7 doctors weighed in:
What r side fx of zoloft (sertraline)?
7 doctors weighed in

Dr. Chris Esguerra
Psychiatry
5 doctors agree
In brief: SSRIs
Zoloft or sertraline commonly results in nausea, dry mouth, upset stomach, constipation within the first several weeks, but these should go away.
Other side effects (less common) include sexual side effects (decreased interest, inability to have an orgasm), increased thoughts of suicide in those 25 and younger, blurred vision, abnormal bleeding among others.

In brief: SSRIs
Zoloft or sertraline commonly results in nausea, dry mouth, upset stomach, constipation within the first several weeks, but these should go away.
Other side effects (less common) include sexual side effects (decreased interest, inability to have an orgasm), increased thoughts of suicide in those 25 and younger, blurred vision, abnormal bleeding among others.
Dr. Chris Esguerra
Dr. Chris Esguerra
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1 comment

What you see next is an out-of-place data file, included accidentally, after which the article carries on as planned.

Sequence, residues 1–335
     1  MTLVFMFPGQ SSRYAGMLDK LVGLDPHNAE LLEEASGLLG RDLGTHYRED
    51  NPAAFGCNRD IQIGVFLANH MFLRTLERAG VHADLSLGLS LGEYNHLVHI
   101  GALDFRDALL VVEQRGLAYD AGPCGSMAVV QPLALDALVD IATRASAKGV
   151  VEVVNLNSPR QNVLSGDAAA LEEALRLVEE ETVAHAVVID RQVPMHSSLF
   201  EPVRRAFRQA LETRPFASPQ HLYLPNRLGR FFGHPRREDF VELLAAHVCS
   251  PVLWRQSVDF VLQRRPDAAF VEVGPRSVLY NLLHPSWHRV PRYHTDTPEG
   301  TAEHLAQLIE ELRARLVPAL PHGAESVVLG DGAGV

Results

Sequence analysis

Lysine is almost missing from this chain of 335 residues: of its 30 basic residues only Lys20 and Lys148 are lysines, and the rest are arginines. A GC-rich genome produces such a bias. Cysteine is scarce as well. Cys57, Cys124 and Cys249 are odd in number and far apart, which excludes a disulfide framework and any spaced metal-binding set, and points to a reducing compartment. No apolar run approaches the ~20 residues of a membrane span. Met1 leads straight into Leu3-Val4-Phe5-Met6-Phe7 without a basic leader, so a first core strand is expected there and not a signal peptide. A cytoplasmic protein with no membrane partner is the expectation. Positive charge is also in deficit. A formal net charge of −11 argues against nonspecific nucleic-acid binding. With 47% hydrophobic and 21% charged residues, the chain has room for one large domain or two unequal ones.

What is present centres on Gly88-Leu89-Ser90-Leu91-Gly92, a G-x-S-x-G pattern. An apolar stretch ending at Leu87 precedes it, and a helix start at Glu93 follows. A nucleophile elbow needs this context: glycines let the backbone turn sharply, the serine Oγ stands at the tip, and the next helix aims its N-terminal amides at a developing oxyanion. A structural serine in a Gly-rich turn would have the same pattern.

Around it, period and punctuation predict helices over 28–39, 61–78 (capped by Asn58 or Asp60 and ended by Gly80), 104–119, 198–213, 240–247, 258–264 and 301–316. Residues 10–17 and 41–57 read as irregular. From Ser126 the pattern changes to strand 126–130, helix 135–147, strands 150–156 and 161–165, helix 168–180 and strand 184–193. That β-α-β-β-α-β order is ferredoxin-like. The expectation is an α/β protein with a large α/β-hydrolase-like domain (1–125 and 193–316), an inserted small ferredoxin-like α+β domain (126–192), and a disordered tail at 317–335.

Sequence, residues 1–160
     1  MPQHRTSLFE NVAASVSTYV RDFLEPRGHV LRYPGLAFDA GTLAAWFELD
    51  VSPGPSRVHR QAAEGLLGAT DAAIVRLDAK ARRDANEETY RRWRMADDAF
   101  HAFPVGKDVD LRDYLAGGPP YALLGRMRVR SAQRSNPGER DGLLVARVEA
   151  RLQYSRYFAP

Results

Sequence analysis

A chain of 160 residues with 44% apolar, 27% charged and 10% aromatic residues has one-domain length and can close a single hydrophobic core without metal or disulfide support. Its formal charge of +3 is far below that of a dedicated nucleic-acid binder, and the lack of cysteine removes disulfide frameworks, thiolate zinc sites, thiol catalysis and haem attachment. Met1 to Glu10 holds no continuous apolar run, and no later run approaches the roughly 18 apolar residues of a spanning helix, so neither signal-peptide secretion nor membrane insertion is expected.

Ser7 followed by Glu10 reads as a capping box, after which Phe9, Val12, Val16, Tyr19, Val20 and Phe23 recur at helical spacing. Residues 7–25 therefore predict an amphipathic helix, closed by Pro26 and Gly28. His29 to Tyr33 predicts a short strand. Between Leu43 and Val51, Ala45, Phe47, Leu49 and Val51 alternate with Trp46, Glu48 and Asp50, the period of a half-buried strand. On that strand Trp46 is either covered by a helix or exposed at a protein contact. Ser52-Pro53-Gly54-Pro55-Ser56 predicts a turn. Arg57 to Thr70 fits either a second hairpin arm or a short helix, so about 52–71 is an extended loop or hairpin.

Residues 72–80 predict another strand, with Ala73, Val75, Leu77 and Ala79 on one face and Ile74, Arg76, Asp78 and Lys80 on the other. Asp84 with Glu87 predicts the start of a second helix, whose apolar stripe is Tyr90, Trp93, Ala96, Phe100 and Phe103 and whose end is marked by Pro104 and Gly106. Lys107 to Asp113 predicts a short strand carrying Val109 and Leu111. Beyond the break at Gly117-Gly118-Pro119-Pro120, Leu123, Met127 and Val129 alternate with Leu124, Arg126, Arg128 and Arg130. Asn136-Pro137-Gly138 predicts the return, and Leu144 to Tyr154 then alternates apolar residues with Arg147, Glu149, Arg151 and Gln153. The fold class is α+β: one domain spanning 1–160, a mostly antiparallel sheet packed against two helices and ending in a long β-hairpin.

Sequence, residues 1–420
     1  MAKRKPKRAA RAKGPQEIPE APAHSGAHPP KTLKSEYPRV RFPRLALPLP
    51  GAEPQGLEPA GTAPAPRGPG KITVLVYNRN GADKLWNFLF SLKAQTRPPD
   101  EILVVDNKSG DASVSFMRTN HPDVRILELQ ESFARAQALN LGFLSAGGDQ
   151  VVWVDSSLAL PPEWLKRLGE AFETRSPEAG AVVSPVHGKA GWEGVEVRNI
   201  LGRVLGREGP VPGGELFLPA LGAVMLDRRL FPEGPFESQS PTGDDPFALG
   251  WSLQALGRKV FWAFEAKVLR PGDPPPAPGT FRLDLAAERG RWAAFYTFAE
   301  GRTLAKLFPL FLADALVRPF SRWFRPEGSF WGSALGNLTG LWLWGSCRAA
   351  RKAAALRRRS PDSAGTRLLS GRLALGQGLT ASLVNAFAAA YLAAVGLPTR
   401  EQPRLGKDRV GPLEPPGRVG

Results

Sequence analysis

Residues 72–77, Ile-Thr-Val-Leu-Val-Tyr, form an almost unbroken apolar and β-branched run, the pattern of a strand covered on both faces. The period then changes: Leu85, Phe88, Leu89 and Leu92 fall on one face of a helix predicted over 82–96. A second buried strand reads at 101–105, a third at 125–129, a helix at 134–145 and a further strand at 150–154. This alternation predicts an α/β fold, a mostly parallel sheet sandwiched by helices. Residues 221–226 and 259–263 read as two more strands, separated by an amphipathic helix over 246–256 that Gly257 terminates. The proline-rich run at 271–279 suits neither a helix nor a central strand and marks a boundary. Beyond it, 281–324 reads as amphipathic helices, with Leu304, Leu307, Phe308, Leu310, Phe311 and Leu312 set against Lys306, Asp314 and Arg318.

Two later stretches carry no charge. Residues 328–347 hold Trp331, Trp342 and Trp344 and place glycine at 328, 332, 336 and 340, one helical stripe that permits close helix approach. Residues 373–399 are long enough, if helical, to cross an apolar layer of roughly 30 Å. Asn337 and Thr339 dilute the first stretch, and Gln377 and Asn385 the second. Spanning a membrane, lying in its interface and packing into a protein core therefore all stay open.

Dr. Susan Uhrich
The most important question is what side effects are you having?? Most medications cause few and fleeting side effects in most patients, but anything can happen with any one patient and any one medication. Talk with your doctor if you believe you are having side effects.
Dr. Heidi Fowler
Psychiatry
1 doctor agrees
In brief: Zoloft/ Sertraline
Potential side effects include dry mouth, increased sweating, headache, tremor, loose bowel movements, nausea, vomiting, heartburn, decreased libido or other sexual side effects, palpitations, chest discomfort, back pain, myalgias, yawning, ringing in the ears, difficulty sleeping, feeling more sleepy, fatigue, feeling more anxious & change in appetite.
It's usually well tolerated.

In brief: Zoloft/ Sertraline
Potential side effects include dry mouth, increased sweating, headache, tremor, loose bowel movements, nausea, vomiting, heartburn, decreased libido or other sexual side effects, palpitations, chest discomfort, back pain, myalgias, yawning, ringing in the ears, difficulty sleeping, feeling more sleepy, fatigue, feeling more anxious & change in appetite.
It's usually well tolerated.
Dr. Heidi Fowler
Dr. Heidi Fowler
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